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The German House

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3.72  ·  Rating details ·  1,096 ratings  ·  265 reviews

A December 2019 Indie Next Pick!

Set against the Frankfurt Auschwitz Trials of 1963, Annette Hess’s international bestseller is a harrowing yet ultimately uplifting coming-of-age story about a young female translator—caught between societal and familial expectations and her unique ability to speak truth to power—as she fights to expose the dark truths of her nation’s past.

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Kindle Edition, 336 pages
Published December 3rd 2019 by HarperVia (first published September 21st 2018)
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Average rating 3.72  · 
Rating details
 ·  1,096 ratings  ·  265 reviews


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Tammy
Aug 07, 2019 rated it liked it  ·  review of another edition
Frankfurt in 1963 has been rebuilt and optimism is prevalent throughout German society. When a young woman, with only vague memories of the war, takes on a job as translator for the Auschwitz trials she is appalled to learn that the average German in uninterested in dredging up the past. Those uninterested include her parents and wealthy boyfriend who are against her involvement in the trials. What she learns throughout the process changes her life forever. Without the complicity and support of ...more
Michelle
Nov 23, 2019 rated it really liked it  ·  review of another edition
This is an historical fiction book which explores the Frankfurt trials, the controversial trails held in Frankfurt two decades after the holocaust which set out to convict the SS men who held senior positions at Auschwitz. This book is written by a german lady, I read the translation in english.

As with many translations this book is dry but very quickly I was drawn into the streets of Frankfurt surrounded by germans who didn't want to even acknowledge the trials that were taking place to hearing
...more
Paige
Eva is navigating life as young adult while trying to balance newfound independence. Accepting a new job translating at a trial, she is torn between her career and her boyfriend, Jurgen, who wants her to be a stay at home wife. Eva then learns that her own family does not agree with her involvement as a translator in the trial either. Translating for the Polish victims of the Holocaust, Eva is met with stories of horror and bravery. But as the trial progresses, she can’t help but feel there are ...more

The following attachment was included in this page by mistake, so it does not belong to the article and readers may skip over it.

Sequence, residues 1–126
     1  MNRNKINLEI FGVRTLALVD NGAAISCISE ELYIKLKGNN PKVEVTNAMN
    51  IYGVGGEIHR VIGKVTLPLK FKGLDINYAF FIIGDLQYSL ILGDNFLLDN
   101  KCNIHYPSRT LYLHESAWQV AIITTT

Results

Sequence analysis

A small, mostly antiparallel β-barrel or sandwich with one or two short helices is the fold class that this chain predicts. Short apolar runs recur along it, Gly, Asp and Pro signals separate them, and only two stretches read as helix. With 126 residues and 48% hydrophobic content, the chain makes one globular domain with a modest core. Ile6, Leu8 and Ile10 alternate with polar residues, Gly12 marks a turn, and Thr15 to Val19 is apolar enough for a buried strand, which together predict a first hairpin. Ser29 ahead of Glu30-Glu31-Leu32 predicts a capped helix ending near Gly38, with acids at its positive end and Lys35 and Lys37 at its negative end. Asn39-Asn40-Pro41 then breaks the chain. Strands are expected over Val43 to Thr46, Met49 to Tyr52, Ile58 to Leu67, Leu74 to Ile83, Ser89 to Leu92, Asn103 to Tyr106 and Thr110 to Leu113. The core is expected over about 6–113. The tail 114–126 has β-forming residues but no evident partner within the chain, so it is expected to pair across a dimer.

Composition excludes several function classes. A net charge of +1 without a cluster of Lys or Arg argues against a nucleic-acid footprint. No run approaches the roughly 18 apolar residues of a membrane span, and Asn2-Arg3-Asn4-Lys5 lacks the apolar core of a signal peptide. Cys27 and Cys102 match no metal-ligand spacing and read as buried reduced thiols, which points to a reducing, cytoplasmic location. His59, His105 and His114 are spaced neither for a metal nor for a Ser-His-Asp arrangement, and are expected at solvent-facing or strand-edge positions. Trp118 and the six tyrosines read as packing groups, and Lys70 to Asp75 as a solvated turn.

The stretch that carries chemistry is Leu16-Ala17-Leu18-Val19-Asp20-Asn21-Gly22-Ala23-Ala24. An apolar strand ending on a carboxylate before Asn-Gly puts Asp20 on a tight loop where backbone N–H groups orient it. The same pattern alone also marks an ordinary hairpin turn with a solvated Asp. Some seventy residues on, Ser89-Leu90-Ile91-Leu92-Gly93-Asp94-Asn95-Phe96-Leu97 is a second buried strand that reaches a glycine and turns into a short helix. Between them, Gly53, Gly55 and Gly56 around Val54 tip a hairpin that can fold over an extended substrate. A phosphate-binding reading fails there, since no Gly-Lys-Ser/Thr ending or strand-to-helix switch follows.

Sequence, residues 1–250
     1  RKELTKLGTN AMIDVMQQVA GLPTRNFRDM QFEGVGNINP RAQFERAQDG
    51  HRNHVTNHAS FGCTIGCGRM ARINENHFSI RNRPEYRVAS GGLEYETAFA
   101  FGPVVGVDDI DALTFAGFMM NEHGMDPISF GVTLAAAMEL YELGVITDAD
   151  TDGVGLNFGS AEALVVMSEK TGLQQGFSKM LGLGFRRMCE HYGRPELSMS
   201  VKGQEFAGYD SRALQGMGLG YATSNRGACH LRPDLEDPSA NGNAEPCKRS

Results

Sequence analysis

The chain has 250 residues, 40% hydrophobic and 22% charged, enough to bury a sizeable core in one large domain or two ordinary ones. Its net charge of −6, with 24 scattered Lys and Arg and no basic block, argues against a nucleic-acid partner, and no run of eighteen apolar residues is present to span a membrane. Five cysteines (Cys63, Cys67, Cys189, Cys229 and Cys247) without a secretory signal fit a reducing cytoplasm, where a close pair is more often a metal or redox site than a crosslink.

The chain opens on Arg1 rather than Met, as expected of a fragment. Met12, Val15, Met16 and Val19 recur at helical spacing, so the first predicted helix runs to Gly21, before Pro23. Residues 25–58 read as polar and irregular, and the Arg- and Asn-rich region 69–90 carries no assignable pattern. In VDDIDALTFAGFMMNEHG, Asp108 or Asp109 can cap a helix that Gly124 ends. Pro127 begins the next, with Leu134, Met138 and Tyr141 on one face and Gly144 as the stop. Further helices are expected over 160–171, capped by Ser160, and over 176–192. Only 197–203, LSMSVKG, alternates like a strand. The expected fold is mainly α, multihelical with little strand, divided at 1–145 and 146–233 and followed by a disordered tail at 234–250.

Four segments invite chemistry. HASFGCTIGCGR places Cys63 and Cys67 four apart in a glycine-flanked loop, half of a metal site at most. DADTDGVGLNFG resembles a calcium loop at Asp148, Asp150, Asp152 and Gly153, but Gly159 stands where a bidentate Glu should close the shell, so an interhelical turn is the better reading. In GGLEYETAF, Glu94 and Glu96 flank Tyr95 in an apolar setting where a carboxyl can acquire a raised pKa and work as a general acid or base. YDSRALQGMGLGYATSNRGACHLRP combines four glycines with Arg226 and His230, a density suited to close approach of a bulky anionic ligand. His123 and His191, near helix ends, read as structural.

Katie B
4.5 stars

When I first saw this historical fiction book was about the Frankfurt Auschwitz Trials of 1963 I knew I had to read it. Even though I have read many historical fiction and nonfiction books about World War 2, I don't often read books that explore the postwar years. The aftermath of the war is something I'm thankful the author deemed worthy of writing about as this was a fascinating read for me.

It's 1963 and Eva Bruhns is twenty-four years old and living with her family in Frankfurt.
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Kerrin Parris
Nov 11, 2019 rated it really liked it  ·  review of another edition
Recommended to Kerrin by: Bookish First
Vergangenheitsbewältigung is a German term describing the “struggle to overcome the negatives of the past” or “working through the past”. The word has become key in the study of post-1945 German literature, society, and culture. In true German form, vergangenheitsbewältigung has 25 letters. But perhaps its extreme length shows the importance of the processes needed for a society to move forward from it’s criminal, violent past. Vergangenheitsbewältigung is based upon philosopher George Santayana ...more
Susan
Nov 23, 2019 rated it really liked it
Set around the Auschwitz trials of 1963 in Frankfurt, our main character is Eva, a young translator. Eva lives above The German House – a restaurant run by her parents, Ludwig and Edith Bruhns, her sister, Annegret and young brother, Stefan. Eva is hoping to marry Jurgen Schoormann, whose wealthy father runs a famous mail order catalogue.

Eva finds herself involved in a war crimes trial, which will have implications for her life, her family and the way she sees both herself and her country.
...more
Peppy
Aug 05, 2019 rated it it was amazing  ·  review of another edition
The German House is a five star read. It is a powerful and impressive novel, well written and meticulously researched.
The story takes place in Frankfurt, Germany in 1963 at the onset of the first Frankfurt Auschwitz trial which charged 22 defendants under German law for crimes committed as SS officials in the Auschwitz concentration camp.
Eva is a young and naive woman whose main goal in life is to get her wealthy beau Jurgen to ask her father for her hand in marriage. She lives with her
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Melissa | Recreational Hobbyist
The German House takes place in 1960s Germany, where many are trying to forget about the war & it's tragedies. The story centers around Eva, a young woman in her 20s, helping out at her her family's restaurant, The German House, & working as a Polish translator. Eva is too young to have known what transpired during the war herself, & everyone she knows refuses to talk about it. As she is living her life of finding herself, as well as finding a husband, she is pulled into translating ...more
Anne/ Roebbes_reads_and_treats
Wow! This was a recommendation from my favorite bookseller and it did not disappoint. What I found a bit tricky is that the book is divided into four parts but not into chapters. It was very difficult to put down because the story was very gripping and there were no natural breaks.
The book treats one of the difficult times in German history: It takes place in Frankfurt a.M. in 1963 and the protagonist (a German interpreter for the Polish language) gets sucked into a lawsuit against a bunch
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Stephen
Nov 28, 2019 rated it liked it
Thanks to netgalley and the publisher for a free copy in return for an open and honest review.